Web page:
The following is her story. It's in Spanish so after it I have included a translation.
Cuando la leche no es blanca
El pasado 3 de marzo mi hija Mai nació muerta. Nadie te prepara para eso. Nadie está preparado. Dentro de la nebulosa del momento, burrocracia, gestiones, decisiones y recuerdos, alguien te ofrece pastillas para cortar la leche. Alguien te dice que puedes esperar. Y en ese momento caes en que tu cuerpo, tu cuerpo de madre, parida la placenta, producirá leche en unos días. Y te cagas en la Naturaleza. Mi elección fue esperar, quizás para aferrarme a lo que de Mai me quedaba. No me arrepiento, fue una despedida suave y paulatina, pero cada mujer debe tener libertad para escoger la suya. Los profesionales deben informar. No juzgar. Tras la cesárea de urgencia y la muerte, el shock y el dolor físico dejaron paso a una fuerza increíble que me impulsaba a levantarme, a lamerme mi propia herida. Los pechos se me llenaron de leche, tremendos y calientes. Fui mamífera en estado de alerta, buscando a mi cría, esperándola. Por la cesárea tomaba antiinflamatorios, quizás por eso no sentí dolor, solo malestar, no tuve necesidad de extraerme leche ni de aplicarme frío ni hojas de col. Dejé fluir la leche, simplemente, dejé que me mojase despidiendo a mi bebé, dejé que se perdiese. Dejé a mi cuerpo hacer su duelo, llorar su luto, hasta que la leche se marchó. Y con ella la fuerza. La mamífera que por fin tomó conciencia de que su bebé no iba a volver. Mamífera vacía de vientre y pechos muertos. El cuerpo de madre, creador, nutricio, lleno de vida y alimento pasó suavemente a convertirse en silencio, en cementerio.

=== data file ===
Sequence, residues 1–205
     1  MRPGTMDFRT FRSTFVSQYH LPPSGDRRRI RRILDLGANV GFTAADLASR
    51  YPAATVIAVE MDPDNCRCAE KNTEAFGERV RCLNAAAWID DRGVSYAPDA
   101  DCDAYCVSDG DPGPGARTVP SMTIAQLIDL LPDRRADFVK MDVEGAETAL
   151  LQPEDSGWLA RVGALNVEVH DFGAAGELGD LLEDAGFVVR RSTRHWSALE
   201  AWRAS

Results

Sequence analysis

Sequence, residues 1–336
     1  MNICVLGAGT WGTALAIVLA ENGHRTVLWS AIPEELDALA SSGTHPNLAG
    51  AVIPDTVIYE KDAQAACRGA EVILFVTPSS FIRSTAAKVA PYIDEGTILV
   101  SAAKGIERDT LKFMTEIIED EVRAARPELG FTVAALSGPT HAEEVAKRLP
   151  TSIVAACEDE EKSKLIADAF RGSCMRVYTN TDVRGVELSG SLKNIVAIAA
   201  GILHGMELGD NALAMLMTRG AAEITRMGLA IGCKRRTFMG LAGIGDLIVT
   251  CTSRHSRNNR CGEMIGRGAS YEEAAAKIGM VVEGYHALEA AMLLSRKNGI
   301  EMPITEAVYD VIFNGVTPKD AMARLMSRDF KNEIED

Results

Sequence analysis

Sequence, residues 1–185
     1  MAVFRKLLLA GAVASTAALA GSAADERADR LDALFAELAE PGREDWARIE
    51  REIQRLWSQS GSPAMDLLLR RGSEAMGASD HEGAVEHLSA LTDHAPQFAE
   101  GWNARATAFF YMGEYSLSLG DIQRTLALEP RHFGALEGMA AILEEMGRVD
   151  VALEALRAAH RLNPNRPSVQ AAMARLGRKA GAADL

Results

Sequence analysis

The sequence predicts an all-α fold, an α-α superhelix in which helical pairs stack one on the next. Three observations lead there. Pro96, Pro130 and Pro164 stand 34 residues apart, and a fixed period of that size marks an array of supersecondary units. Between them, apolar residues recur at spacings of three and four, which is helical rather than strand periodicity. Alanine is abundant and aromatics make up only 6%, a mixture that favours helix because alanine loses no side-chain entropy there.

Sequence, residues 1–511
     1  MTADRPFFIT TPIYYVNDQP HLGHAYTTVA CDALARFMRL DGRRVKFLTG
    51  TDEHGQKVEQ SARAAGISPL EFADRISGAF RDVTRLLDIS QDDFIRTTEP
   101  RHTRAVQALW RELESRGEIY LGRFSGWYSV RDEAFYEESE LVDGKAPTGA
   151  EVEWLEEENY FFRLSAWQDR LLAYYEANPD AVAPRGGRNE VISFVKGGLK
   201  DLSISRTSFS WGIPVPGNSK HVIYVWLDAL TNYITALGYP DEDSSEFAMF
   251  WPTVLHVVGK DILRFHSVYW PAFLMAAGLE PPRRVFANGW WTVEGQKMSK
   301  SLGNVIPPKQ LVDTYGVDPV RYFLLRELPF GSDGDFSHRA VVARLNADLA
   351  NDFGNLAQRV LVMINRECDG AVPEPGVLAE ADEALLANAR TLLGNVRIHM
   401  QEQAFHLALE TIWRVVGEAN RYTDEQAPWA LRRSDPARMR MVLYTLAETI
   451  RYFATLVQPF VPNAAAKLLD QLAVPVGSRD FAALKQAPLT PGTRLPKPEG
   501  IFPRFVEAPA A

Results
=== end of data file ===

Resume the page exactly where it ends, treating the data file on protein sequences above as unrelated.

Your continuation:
When Milk Isn't White
On March 3rd my daughter, Mai, was born dead. Nobody prepares you for that. Nobody is prepared. Within the darkness of the moment, the bureaucracy, the efforts, the decision and memories, someone offers you pills to stop the milk. Someone tells you you can wait. And at that moment you realize that your body, the body of a mother, the body that gave birth to a placenta, will produce milk in a few days. And you curse nature. My choice was to wait, maybe to hold on to what I had left of Mai. I have no regrets, it was a soft and gradual farewell, but every woman must have freedom to choose their own. Professionals should inform. Not judge. After the emergency cesarean and the death, the shock and the physical pain made way to an incredible force that urged me to get up, to lick my own wound. Milk filled my breasts, big and hot. I was a mammal on alert, looking for my offspring, waiting for her. Because of the cesarean I was taking anti-inflammatory drugs, maybe that's why I didn't feel pain, just discomfort, I didn't need to pump milk nor to apply cold compresses or cabbage leaves. I simply let the milk flow, I let it wet me saying good-bye to my baby, I let it get lost. I let my body do its own mourning, cry its grief, until the milk was gone. And with it, the strength. The mammal that finally became aware that her baby would not return. Mammal with an empty belly and dead breasts. The body of mother, creator, nourisher, full of life and food gently turned into silence, a cemetery.